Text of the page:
Moto: Hello Zero
The Schaumburg, Ill.-based company posted a net loss of $28 million, or $0.01 a share -- compared with a profit of $1.38 billion, or $0.55 a share, in the year-ago quarter -- on revenues that fell 19 percent to $8.7 billion. Thomson Financial analysts had expected earnings of less than a cent per share on revenues of $8.64 billion; Reuters Research analysts had expected EPS of zero. Motorola, which has been the second-ranked handset vendor after Nokia Corp. (NYSE: NOK) for years, may see rivals like Samsung Electronics Co. Ltd. (Korea: SEC) overtake it as its market share declines, according to analysts. Motorola says it shipped 35.5 million phones in the second quarter, giving it around 13.5 percent of the worldwide market. (See Moto Losing Ground.)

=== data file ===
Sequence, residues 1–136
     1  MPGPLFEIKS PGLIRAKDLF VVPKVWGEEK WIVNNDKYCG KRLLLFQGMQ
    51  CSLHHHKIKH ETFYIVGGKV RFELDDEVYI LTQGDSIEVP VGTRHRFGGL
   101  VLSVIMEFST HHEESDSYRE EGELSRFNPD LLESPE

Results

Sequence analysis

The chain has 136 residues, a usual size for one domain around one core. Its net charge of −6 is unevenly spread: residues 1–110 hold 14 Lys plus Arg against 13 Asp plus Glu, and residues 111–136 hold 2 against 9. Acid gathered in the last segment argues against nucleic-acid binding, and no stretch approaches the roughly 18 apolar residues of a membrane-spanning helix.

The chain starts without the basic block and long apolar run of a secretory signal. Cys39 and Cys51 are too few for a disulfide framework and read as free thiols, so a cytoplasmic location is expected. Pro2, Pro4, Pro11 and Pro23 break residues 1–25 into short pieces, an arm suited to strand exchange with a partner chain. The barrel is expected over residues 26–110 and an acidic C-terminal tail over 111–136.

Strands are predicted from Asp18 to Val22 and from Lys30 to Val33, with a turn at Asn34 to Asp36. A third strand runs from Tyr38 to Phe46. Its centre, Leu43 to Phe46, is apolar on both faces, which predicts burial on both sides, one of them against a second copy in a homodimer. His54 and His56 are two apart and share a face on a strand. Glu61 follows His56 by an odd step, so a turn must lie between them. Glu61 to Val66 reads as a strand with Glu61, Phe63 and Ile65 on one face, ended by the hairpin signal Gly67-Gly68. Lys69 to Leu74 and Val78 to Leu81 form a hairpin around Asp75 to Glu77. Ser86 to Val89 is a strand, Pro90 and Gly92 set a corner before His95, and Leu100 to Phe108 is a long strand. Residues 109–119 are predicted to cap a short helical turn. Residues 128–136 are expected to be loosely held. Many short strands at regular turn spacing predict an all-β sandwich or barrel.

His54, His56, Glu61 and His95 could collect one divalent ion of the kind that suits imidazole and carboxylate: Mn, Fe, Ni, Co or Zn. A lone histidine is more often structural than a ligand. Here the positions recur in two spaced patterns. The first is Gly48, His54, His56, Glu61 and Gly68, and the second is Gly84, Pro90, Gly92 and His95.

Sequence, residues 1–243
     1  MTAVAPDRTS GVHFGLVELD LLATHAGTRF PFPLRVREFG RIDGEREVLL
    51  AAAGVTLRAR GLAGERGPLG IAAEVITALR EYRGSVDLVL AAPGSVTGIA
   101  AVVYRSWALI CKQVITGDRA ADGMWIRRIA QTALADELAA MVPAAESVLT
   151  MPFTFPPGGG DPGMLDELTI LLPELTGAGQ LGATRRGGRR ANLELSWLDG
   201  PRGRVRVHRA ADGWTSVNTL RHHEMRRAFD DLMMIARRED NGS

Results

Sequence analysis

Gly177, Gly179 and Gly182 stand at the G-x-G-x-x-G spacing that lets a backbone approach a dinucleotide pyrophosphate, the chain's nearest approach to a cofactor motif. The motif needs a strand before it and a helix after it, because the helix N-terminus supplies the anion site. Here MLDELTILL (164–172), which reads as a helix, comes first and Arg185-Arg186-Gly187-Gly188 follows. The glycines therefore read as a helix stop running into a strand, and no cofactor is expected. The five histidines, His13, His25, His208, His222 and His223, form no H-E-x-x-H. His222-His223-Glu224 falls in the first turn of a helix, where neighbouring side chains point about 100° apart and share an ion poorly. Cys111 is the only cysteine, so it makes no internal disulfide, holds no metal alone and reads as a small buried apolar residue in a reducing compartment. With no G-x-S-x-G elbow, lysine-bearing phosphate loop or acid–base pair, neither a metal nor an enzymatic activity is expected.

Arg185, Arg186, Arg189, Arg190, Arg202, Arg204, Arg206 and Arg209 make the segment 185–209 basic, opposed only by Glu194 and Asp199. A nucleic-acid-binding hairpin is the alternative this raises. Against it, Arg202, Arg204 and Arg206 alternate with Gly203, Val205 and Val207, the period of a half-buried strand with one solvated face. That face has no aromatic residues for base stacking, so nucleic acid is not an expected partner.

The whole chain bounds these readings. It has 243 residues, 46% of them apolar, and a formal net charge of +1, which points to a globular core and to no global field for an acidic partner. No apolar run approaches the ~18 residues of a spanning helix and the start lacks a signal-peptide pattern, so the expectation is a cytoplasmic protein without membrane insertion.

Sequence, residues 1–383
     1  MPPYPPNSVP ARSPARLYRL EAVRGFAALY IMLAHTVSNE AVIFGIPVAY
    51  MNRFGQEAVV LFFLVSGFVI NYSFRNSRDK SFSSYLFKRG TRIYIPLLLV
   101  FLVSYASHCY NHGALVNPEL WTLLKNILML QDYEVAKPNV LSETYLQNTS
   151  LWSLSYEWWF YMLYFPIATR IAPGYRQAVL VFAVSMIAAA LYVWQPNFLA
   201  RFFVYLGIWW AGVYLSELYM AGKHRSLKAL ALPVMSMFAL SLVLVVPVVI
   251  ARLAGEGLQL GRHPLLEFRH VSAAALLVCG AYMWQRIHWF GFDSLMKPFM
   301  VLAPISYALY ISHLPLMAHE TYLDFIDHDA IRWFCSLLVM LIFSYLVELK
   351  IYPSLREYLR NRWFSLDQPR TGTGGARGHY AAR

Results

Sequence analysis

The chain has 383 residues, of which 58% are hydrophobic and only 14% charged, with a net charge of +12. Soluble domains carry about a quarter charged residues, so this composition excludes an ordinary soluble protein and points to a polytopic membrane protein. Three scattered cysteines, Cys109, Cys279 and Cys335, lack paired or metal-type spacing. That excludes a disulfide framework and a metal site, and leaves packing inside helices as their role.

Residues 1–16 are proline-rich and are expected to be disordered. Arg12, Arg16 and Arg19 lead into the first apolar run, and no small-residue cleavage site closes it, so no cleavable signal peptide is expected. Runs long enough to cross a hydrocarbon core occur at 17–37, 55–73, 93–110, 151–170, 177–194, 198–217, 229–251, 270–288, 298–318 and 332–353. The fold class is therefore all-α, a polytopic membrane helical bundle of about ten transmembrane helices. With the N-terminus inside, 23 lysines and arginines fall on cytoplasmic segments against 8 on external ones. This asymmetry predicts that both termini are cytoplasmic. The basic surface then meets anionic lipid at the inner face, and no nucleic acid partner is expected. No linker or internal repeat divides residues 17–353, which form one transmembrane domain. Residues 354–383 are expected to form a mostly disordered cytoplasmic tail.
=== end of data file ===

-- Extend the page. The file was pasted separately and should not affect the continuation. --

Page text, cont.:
Motorola reiterated its latest warning that the mobile devices unit will not be profitable in 2007, but it expects some financial improvement in the second half of year.
This week, Motorola has reorganized its business into three units in a bid to shore up its losses. These are: mobile devices; an enterprise unit that now includes the Good mobile email business; and a network equipment unit that includes its cable and set-top business.
Mobile devices is still the center of Motorola's pain, however. The company has not managed to replicate the worldwide success of its RAZR phone and has seen a decline in average selling prices for phones as competition gets more fierce. (See The Perils of Being Slim.)
The firm has already cut 7,500 jobs in a bid to to achieve $1 billion in cost savings through 2008.
— Dan Jones, Site Editor, Unstrung